Whether it’s sun, sand and surf or lounging by the poolside, your family will be spending a lot of time in the water this summer. Swimming is fun for the whole family, but it’s important to be safe and prepared.
Drowning is the leading cause of death among children, according to the American Red Cross. It deprives the brain of oxygen, which can result in death or brain damage if rescued in time.
“When the brain is deprived of oxygen, the result is usually brain damage or death,” says Steinberg Goodman & Kalish. “Anoxic brain injury (ABI), a common consequence of oxygen deprivation caused by drowning, can cause severe neurological damage in people who survive.”
Safety is paramount when swimming with the family, whether you’re spending the day at the beach or the pool. Here are five water safety tips to follow:
1. Swimming Lessons
Make sure that everyone in the family knows how to swim. They don’t have to be Olympic swimmers, but they should be able to enter the water, get their breath, float, change positions, swim a distance, and exit the water safely.
If possible, enroll the kids in professional swimming lessons to ensure that they know how to swim confidently.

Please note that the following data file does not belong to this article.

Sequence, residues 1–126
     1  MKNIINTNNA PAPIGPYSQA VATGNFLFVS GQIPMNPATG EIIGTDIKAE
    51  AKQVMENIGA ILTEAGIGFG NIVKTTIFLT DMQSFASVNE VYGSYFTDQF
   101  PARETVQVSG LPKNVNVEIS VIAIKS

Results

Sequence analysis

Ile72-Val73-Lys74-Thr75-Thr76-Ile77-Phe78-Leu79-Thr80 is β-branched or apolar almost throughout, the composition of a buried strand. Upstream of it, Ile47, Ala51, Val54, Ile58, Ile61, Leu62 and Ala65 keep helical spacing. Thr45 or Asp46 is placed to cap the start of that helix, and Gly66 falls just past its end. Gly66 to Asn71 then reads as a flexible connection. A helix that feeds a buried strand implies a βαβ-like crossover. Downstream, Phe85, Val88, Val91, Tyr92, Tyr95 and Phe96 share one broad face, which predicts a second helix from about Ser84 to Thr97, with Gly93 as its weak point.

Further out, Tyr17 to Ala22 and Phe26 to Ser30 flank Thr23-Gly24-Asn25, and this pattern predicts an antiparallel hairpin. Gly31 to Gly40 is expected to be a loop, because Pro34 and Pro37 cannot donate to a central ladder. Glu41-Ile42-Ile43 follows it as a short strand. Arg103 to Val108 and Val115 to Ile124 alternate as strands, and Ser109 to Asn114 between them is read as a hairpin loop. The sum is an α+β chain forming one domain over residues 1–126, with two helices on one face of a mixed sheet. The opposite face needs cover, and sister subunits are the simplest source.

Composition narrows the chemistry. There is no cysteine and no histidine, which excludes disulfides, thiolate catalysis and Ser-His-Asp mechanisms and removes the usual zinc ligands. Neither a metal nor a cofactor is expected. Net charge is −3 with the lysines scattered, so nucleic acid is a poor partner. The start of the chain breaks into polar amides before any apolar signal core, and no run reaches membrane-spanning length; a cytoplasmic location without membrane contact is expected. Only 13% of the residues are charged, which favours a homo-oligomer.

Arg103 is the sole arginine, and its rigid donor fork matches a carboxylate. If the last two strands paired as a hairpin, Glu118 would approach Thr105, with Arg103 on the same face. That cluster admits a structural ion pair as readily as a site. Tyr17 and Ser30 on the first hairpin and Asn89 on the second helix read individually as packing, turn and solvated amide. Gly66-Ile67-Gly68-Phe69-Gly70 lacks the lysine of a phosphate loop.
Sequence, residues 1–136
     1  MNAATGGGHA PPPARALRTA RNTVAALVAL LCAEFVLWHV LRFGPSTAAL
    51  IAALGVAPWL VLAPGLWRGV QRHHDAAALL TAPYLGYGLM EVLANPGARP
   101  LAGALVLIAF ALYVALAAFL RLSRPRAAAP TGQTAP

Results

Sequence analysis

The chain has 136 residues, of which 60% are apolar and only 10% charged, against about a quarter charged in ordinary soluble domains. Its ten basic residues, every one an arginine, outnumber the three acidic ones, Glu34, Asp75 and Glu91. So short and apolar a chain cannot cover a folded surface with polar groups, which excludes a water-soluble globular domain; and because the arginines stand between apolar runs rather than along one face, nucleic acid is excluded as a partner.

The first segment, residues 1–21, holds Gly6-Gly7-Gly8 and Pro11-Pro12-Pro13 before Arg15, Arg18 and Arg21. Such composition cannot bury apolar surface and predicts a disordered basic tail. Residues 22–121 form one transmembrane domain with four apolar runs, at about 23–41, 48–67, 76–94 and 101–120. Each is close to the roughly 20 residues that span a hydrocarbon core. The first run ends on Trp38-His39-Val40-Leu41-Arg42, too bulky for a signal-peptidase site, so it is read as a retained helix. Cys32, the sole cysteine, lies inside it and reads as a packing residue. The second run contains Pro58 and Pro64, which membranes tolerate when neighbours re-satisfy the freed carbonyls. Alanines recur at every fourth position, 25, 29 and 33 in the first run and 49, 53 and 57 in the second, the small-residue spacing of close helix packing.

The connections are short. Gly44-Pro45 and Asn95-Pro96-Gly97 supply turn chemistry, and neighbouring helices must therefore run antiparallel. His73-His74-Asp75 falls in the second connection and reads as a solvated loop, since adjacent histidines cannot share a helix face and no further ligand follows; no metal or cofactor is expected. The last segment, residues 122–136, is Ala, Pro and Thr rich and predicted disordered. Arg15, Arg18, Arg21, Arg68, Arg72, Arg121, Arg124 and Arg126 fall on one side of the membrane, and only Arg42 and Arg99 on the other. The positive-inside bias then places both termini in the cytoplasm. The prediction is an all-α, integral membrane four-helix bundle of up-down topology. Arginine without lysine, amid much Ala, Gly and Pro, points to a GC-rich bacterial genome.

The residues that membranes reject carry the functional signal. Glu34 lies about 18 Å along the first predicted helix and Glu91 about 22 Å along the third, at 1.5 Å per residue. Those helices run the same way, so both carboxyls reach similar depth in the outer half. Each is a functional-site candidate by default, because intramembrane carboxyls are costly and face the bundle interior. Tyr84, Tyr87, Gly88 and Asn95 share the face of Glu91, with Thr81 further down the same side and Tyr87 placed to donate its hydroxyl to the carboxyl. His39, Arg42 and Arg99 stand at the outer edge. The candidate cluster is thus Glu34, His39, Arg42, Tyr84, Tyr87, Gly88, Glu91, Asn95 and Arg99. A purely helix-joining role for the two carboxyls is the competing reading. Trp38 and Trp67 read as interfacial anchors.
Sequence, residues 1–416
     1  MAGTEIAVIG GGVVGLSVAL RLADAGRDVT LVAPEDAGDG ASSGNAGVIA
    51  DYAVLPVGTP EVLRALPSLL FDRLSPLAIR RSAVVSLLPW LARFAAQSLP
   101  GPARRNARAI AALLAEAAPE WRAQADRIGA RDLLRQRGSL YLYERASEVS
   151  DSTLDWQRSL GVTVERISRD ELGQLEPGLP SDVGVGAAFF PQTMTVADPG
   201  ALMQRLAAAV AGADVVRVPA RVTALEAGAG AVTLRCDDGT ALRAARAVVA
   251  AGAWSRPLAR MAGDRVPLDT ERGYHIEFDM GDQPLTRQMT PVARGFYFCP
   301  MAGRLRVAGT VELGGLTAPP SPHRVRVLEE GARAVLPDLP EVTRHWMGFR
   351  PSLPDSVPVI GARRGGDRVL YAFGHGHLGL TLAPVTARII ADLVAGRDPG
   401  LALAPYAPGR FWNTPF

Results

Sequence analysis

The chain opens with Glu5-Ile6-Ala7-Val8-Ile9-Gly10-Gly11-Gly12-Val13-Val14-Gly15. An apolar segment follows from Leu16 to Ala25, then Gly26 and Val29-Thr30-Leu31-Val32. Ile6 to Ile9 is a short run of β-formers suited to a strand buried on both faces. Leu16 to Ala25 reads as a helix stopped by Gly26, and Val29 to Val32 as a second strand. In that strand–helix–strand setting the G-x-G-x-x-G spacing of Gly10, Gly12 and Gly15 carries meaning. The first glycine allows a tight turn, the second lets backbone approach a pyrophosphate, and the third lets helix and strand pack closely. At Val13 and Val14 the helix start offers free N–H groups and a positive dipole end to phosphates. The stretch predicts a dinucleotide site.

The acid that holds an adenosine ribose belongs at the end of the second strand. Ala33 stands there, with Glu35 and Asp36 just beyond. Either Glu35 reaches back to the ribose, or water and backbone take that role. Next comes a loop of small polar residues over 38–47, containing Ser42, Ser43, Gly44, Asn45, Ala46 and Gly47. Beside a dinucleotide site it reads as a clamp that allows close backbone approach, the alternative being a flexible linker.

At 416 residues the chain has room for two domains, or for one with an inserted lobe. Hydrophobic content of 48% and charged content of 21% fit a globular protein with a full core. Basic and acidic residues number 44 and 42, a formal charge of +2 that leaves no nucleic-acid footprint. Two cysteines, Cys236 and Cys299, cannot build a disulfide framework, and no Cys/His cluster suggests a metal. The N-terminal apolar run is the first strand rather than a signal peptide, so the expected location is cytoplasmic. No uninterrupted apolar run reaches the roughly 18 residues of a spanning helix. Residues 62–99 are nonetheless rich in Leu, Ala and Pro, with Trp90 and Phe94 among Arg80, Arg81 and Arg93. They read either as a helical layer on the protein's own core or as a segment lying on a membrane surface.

2. Supervise, Supervise, Supervise
Never allow anyone to swim alone. Instruct the children to swim with a friend or sibling so that they can look after one another. Swimming with a friend ensures that someone is always there to call for help if something goes wrong.
Even if you’re not in the water with the children, you should be supervising them at all times. Ideally, parents should be within an arm’s reach of a young child at all times – whether you’re swimming in a lake, pool or the ocean. Parents of older children should at least stay close and have their eyes on the kids at all times.
Even kids who are strong swimmers should be supervised. They may feel confident enough to try flips, tricks and dives, all of which can be dangerous.
3. Always Wear a Life Vest
Inexperienced and young swimmers should always wear a life vest that’s certified by the Coast Guard.
Many parents rely on pool noodles, water wings and floaties, but these are no substitute for a life vest or life preserver in a true emergency situation. It’s best to use these only when an adult is within arm’s length of the child.
4. Avoid Pool Drains
Instruct the kids to stay away from pool drains while swimming, especially if the drain appears to be broken or missing a cover.
There have been cases of bathing suits, hair and even limbs getting caught in faulty drains. These tragic incidents often lead to drowning or serious injury.
If you see a drain that appears to be operating incorrectly, report it immediately.
5. Know What to do in Case of Emergency
If there’s an emergency, it’s important to act quickly to prevent serious injury or death.
- If a child is missing, check the water. Every second counts in preventing death or injury.
- Alert the on-duty lifeguard, if there is one present.
- Ask someone to call emergency services.
- Perform CPR if you know how.
- Remove the person from the water, if you can do so safely and without putting yourself in danger.